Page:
A great surge in administrative tasks has created an enormous workload for teachers and has not helped a single child learn. The data goes to schools, educations or government departments, and appears to exist only to bolster a politician’s press release.

Data is also a necessary weapon of self-defence. Teachers are forced to justify every action they take in dealing with students and parents. Teachers are filling out endless forms and databases to justify every action they take at school in fear of criticism from students or parents. Data entry allows teachers to pre-empt complaints from students or parents which could see them reprimanded, suspended or even sacked.

If a secondary student refuses to read the set text in their English class, the teacher must make a note. The teacher must prove that they have advised the student to read ‘To Kill A Mockingbird’, because the class if studying ‘To Kill A Mockingbird’. When the student proudly and publicly states that they are never going to read the novel, the teacher must create written evidence that they did everything possible to encourage the student to read the novel. When the student flies into a mad panic three days before the due date of the assessment task for ‘To Kill A Mockingbird’ the teacher must provide yet more written evidence that they offered support to the student to help them pass an assessment for a novel they refused to read. The teacher must then use this written evidence to defend themselves when the parents complain to the school that their child is not able to complete the assessment task. The teacher must use the written evidence to defend themselves when the parents demand extra tuition for their child in the teacher’s lunch time or free period, so that the student who refused to read ‘To Kill A Mockingbird’ can pass the assessment task about ‘To Kill A Mockingbird’. One wonders if this is what Harper Lee had in mind when she wrote the classic?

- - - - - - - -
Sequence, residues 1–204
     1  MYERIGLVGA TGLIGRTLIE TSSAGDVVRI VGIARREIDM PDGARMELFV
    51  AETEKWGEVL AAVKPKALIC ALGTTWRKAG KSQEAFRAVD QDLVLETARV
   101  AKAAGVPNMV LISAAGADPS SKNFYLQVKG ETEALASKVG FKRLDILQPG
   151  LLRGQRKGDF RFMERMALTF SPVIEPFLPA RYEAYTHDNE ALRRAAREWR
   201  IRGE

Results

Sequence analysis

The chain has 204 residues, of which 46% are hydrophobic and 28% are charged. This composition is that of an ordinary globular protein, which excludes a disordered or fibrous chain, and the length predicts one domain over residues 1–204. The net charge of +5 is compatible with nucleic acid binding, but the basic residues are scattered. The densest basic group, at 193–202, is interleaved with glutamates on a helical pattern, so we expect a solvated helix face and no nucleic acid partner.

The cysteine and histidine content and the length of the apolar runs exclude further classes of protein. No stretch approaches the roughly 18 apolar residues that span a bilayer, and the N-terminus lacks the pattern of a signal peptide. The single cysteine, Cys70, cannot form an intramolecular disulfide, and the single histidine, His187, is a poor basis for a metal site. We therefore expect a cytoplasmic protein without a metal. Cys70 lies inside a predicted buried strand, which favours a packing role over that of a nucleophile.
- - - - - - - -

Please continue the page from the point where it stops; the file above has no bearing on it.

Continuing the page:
Australia faces the real possibility of a casualised teaching workforce and further erosion of overall academic standards. Teachers must be enticed to stay in the occupation, and this can be done through increasing teachers’ salaries and school funding, standing up for teachers, stripping parents of the power they wield over schools and removing the administrative load forced upon modern teachers.

Image: Element5digital

Does China need to invade Australia?

The drums of war are beating. Australia is preparing for war with China as politicians and senior bureaucrats warn of armed conflict with the emerging superpower. Citizens are stockpiling weapons or boycotting their local Chinese restaurant and the tabloid media is disseminating fear to increase sales.

But would China ever invade Australia militarily? Would it ever need to?